Everything is under control in global education
Key Account Managers Virpi Heinonen and Peter Perttula travel around the world presenting and providing maybe the most interesting Finnish export product, our high-quality education. In TAMK’s Global Education team Heinonen is in charge of Latin America and Perttula of Arab countries.
Over the years the networks grow. Personal connections are everything. Potential customers do not look for TAMK but an individual person with whom to carry on the matter. The key account managers have to get involved.
Always with a suit on – just in case
The work calls for flexibility and ability to react quickly. Meetings may surprise with their time, agenda and parties. Ministers, investors and other high-level parties often participate in negotiations. The clock card is unknown and evenings and weekends are also working time: customers are taken care of in Finland as well as abroad.
“We are always on the run”. This autumn I haven’t sat at my desk once,” Heinonen laughs.
In Chile Heinonen was taken to a slum in a police escort and unexpectedly required to address the whole school and community. In the blink of an eye she had to come up with a speech in Spanish on how we have solved social problems by means of education.
Such surprising situations are not uncommon and some events are also streamed online. The speech themes can be anything from early childhood education to taxation and teenage pregnancies.
“You just have to see what the situation is and who are present and learn to steer through the situation,” Heinonen states calmly.
Everything from an ambulance driver to a friend
The first foreign student group arrived at TAMK more than ten years ago. Everyday challenges became familiar. Diverse problems were discussed daily, for example the Finnish juice was not considered good enough.
Even if the years have taught a lot, same things come up with every group: group members suffer from home sickness and everyday life in a foreign country can be challenging. The key account managers serve as parents, friends, ambulance drivers – and everything in between. Bright light lamps have been sought to treat winter depression and an emergency at night turned out to be a blown fuse. Once a visit to the dentist became a rough experience as the Ramadan prevented the dentist from using local anaesthesia when removing a tooth.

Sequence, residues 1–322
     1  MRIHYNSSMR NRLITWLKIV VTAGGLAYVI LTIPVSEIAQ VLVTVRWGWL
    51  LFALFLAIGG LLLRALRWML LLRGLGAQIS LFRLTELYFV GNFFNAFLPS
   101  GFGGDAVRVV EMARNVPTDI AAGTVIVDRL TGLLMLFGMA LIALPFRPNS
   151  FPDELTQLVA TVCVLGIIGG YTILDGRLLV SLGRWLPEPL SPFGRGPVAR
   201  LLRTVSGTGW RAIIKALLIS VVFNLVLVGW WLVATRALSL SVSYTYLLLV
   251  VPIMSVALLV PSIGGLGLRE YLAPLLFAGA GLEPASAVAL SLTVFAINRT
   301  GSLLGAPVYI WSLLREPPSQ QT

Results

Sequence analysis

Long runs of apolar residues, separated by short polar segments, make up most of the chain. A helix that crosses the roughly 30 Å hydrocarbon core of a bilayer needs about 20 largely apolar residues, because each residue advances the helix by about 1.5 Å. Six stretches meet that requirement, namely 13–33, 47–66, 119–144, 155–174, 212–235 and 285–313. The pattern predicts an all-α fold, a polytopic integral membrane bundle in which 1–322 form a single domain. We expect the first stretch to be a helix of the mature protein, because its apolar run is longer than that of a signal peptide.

Boundaries between work and leisure become blurred as the key account managers make friends and spend time with the visitors. Hospitality can also be experienced the other way around: in Brazil after Peter Perttula mentioned about there being no gym in the hotel, so a local teacher took him to his private gym at home.
Finnish school cannot be bought
The global education staff often come across the erroneous conception of it being possible to buy the Finnish education system as such and take it to another country. The system can however not be directly copied as changes in legislation and adaptation are often needed and the timelines are long. Even the Finnish education system was formed by adopting and contextualizing the best foreign practices and models. The same is now offered to others.
Education export is a complex process, which may take years. The key account managers have to read what the customer wants to achieve, if it is about a genuine change process or a publicity stunt of a couple of weeks. There are no established practices and the job description changes continuously.
“This work doesn’t suit everyone. Tolerance of uncertainty has to be high,” Heinonen states.
Iron stomach is needed
When travelling, food is most often a positive experience but every now and then you come across some less enjoyable culinary experiences. There may be cock necks or fish eyes on the plate. You have to taste everything bravely – and pretend, as it was delicious.
“In China you have to remember not to eat your bowl empty or you will have more,” Heinonen and Perttula laugh.
What is required most of all is caffeine tolerance. Coffee is served everywhere and the days are long. This does however not disturb the key account managers. The work takes them to wonderful places. New cultures, people and experiences are the best part of the work. Most rewarding is to see how local practices change and overall wellbeing increase.
“The best thing is to see how you have made somebody’s work more meaningful,” Heinonen sums.
Key Account Manager Virpi Heinonen, tel. 040 020 9907, virpi.heinonen [at] tuni.fi
Key Account Manager Peter Perttula, tel. 040 628 2661, peter.perttula [at] tuni.fi
Text and photos: Anna Vättö